Nissan GT-R is anything but a plaything
The present evolution of the Nissan GT-R design may be based on a computer game, but it performs nothing like a plaything. The GT-R is at the top of its game on a racetrack, but this car still means business when you're cruising on the freeway. The exterior design reminds me of a Japanese comic book character. Yet while there is plenty of fun to be had driving this car, there isn't anything comical. The GT-R is quite serious about its function and performance. Moreover, there is plenty of both at your fingertips. The sleek exterior design brings form and function to the forefront. Every crease, bend and angle is purposeful. The large air intake forces air into the engine to allow it to breathe and produce 480 horsepower. The huge Brembo brakes need plenty of air for cooling and the huge side blades offer the flow needed so the GT-R can maintain its tremendous stopping manners. On the racetrack, the GT-R shines. It's right at home at high speed. The masterful manner with which the all-wheel-drive system allowed me to enter a turn at high speed and exit at an even higher speed was wondrous.To keep a limit on the weight, one of the evil detractors of high-performance automobiles, Nissan utilizes aluminum body panels. The hood, trunk roof and door skins are manufactured using lightweight materials. Magnesium also is used throughout the vehicle. The door frames, though extremely strong, are lightweight. Even the seat frames are designed to be lightweight. Support from the driver's and passenger seat is an absolute must with any high performance automobile and Nissan paid particularly close attention here. The surprise is they also are extremely comfortable. The high cushion and seatback bolsters act like large hands that hold you in place even with the high g-forces created when cornering at triple digits. Power flows to the road via all four wheels through a 6-speed manual transmission, which operates through an automatic clutch system. This means you do have a manual transmission at the rear axle. Gear changes can come automatically by leaving the shifter in "D", although you experience a whole lot of working coming through the system. Move it over to manual mode and the driver has full control of the shifting via paddle shifters on the steering wheel. I thoroughly enjoyed the GT-R and would not hesitate at putting one in my garage. I would however, not select the GT-R as my sole transportation because of the mere enjoyment this is on the racetrack and less so on the street drive.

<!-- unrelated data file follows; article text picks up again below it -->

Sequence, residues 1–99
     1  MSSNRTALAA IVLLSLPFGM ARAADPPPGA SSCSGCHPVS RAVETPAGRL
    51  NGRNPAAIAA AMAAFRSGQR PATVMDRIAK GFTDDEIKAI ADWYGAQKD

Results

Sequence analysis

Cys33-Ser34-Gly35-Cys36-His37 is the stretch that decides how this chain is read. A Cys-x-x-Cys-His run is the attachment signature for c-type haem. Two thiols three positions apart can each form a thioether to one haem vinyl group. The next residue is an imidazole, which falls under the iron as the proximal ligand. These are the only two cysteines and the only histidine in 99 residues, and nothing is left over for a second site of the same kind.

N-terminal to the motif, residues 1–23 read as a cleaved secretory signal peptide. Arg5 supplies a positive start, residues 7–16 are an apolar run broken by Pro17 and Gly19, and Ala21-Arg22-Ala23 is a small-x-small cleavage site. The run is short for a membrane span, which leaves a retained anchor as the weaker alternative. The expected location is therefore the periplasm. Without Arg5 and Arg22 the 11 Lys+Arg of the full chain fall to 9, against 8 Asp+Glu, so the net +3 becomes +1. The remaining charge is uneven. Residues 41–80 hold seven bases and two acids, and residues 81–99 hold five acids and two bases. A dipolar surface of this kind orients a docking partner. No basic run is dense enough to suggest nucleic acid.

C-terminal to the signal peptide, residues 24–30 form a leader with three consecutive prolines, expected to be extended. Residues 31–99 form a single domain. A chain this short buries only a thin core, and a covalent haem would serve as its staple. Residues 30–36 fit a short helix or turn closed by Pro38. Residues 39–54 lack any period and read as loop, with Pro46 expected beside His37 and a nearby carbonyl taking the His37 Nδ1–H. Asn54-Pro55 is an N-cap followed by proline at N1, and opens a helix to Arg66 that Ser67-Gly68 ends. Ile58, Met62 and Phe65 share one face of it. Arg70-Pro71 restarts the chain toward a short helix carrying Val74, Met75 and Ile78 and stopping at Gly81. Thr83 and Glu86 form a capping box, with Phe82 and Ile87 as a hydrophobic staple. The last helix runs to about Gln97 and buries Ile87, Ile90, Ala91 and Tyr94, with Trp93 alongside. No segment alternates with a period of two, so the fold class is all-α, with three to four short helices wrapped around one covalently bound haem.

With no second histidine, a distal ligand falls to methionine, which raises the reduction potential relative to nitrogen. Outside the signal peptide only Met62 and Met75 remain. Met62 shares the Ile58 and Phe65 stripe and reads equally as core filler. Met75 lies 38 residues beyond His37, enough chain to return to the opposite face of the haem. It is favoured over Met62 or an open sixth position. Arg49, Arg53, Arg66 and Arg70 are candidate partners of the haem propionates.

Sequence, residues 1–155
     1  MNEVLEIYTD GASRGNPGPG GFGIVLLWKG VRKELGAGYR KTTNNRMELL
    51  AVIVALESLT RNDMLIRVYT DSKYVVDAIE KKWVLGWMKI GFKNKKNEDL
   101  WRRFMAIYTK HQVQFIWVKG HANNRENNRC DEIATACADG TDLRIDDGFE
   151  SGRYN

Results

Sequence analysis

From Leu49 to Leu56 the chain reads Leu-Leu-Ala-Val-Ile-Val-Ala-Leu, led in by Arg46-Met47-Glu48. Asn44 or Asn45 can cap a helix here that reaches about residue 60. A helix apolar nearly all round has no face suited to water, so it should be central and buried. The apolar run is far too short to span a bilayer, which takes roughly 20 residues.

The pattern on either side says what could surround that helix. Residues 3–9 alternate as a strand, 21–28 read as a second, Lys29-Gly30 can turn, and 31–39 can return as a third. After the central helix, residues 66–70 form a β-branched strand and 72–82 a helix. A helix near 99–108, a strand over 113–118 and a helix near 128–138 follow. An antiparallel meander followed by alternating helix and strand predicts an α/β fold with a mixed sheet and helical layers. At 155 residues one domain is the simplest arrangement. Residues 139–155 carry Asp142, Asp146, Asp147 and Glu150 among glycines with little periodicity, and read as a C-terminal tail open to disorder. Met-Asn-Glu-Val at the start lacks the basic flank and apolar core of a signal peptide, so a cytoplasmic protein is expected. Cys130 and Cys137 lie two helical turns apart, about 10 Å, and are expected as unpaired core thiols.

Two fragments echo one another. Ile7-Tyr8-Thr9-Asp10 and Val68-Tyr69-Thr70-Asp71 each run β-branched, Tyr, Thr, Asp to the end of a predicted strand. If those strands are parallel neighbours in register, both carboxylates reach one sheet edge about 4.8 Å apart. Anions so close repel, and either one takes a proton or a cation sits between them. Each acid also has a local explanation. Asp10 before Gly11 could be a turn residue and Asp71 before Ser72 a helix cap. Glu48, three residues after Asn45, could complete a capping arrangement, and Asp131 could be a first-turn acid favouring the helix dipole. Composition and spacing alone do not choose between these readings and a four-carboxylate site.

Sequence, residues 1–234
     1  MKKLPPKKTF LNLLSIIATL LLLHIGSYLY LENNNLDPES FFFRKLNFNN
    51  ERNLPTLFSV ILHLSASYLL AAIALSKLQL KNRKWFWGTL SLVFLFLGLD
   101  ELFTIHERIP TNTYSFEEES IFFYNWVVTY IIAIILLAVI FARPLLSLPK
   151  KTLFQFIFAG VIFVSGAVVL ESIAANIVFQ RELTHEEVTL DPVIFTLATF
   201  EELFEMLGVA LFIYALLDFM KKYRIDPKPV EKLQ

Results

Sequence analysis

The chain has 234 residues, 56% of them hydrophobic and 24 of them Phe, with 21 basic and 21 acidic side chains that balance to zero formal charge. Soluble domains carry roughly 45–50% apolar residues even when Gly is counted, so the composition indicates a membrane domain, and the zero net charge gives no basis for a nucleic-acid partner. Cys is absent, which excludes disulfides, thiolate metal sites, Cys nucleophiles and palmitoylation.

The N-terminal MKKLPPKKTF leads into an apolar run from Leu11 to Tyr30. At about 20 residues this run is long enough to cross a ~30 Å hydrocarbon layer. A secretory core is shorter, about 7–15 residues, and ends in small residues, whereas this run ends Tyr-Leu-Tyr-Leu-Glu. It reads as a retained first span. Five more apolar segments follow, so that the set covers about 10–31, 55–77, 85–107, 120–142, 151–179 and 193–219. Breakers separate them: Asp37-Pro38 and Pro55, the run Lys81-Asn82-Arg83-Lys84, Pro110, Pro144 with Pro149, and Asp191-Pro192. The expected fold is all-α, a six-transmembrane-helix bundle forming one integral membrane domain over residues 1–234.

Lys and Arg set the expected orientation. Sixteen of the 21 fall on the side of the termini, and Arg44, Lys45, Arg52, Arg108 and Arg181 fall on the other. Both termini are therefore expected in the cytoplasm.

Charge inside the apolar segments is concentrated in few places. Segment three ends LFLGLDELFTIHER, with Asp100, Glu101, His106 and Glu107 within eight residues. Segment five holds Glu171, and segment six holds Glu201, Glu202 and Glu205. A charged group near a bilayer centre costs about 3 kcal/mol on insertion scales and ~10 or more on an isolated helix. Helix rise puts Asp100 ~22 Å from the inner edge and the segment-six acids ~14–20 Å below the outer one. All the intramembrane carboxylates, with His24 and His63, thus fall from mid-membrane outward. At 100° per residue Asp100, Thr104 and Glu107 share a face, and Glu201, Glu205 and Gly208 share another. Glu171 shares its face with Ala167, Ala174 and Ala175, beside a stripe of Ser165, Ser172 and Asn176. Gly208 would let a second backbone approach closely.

Ron Moorhead, a nationally syndicated automotive columnist, can be reached at firstname.lastname@example.org.